• Parenting with the relationship in mind leads to better relationships.
  • Your children do not have the same relationship with you that you have with them.
  • We should always choose our words with our role in mind rather than our children’s size, age, or reaction in mind.
  • Never argue with your children—you are their parent, not their peer.
  • The unavoidable tension between a parent and their children builds relational strength.

Group Discussion

As you consider what you just watched, use the following questions to discuss with your group members these ideas, their basis, and their appli- cations in your life.

  1. When it comes to parenting, how often have you wondered, “Am I doing it right?” How often do you second-guess your decisions as a parent?
  2. How would you describe the direction of your parenting until now? How do you think your children might describe it?
  3. Would you describe your parenting style as more reactive or more deliberate? Why?
  4. How does parenting with the relationship in mind resonate with the direction you want to take your family?
  5. What does it mean for your relationship with your children to be different from their relationship with you? What does this look like in your family?
  6. Do you agree that conflict between you and your children can make your relationship stronger? Why or why not?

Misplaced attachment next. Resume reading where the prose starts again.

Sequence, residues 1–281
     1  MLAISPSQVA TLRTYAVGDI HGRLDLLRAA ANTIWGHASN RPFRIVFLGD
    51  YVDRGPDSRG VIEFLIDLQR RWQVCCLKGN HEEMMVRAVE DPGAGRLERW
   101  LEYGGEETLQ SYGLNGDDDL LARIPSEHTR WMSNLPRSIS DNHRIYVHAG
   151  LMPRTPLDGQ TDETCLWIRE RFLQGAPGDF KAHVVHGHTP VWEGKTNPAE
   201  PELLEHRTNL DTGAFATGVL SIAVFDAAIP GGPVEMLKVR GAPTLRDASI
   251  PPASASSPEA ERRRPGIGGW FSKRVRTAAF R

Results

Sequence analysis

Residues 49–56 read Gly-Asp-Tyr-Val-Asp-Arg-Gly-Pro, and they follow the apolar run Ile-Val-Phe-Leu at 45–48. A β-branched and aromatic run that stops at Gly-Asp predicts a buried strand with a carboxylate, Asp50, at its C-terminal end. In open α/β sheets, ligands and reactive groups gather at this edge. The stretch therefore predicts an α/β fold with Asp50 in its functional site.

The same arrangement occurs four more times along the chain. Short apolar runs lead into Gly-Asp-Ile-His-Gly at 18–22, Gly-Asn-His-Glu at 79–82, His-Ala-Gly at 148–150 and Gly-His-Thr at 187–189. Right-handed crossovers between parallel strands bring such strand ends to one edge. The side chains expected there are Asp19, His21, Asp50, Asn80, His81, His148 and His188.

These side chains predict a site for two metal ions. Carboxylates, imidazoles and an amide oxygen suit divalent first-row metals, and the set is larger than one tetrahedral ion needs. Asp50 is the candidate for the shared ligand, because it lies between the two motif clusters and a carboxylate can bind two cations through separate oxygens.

Process Your Parenting

In this first session, you’ve started the process of exploring what it means to reconsider the way you parent and to determine your north star. Regardless of the age and stage of your children, and setting aside the various emotions that may be swirling inside, consider where and how your family will end up if you continue parenting in your present direction.

To start processing the principles in this first session, silently ask God to help you clarify your goal for parenting so that you will see a harvest in the lives of you and your children. Then answer the questions below before reconvening with the group.

  • What is the harvest you want to see in the lives of your children as they mature into adults?
  • What seeds are you planting and cultivating in your children’s lives to produce this harvest?
  • In one sentence, what is your north star for parenting?

Now go around the group and allow each person to share their north star statement. You don’t have to share, but getting brief feedback from the group can be a great way to begin processing the changes you want to make in your parenting.


Conclude your session by sharing any requests you would like the group to lift up in prayer. Thank God for bringing you together for this study so that you can help and encourage one another as you pursue being wiser, more intentional parents. Ask him to give you clarity, wisdom, and discernment as you proceed with this group study. Trust that your heavenly Father will equip and empower you to follow his example of a loving parent.

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Your Turn

Come share your thoughts on session one of Parenting and Getting It Right.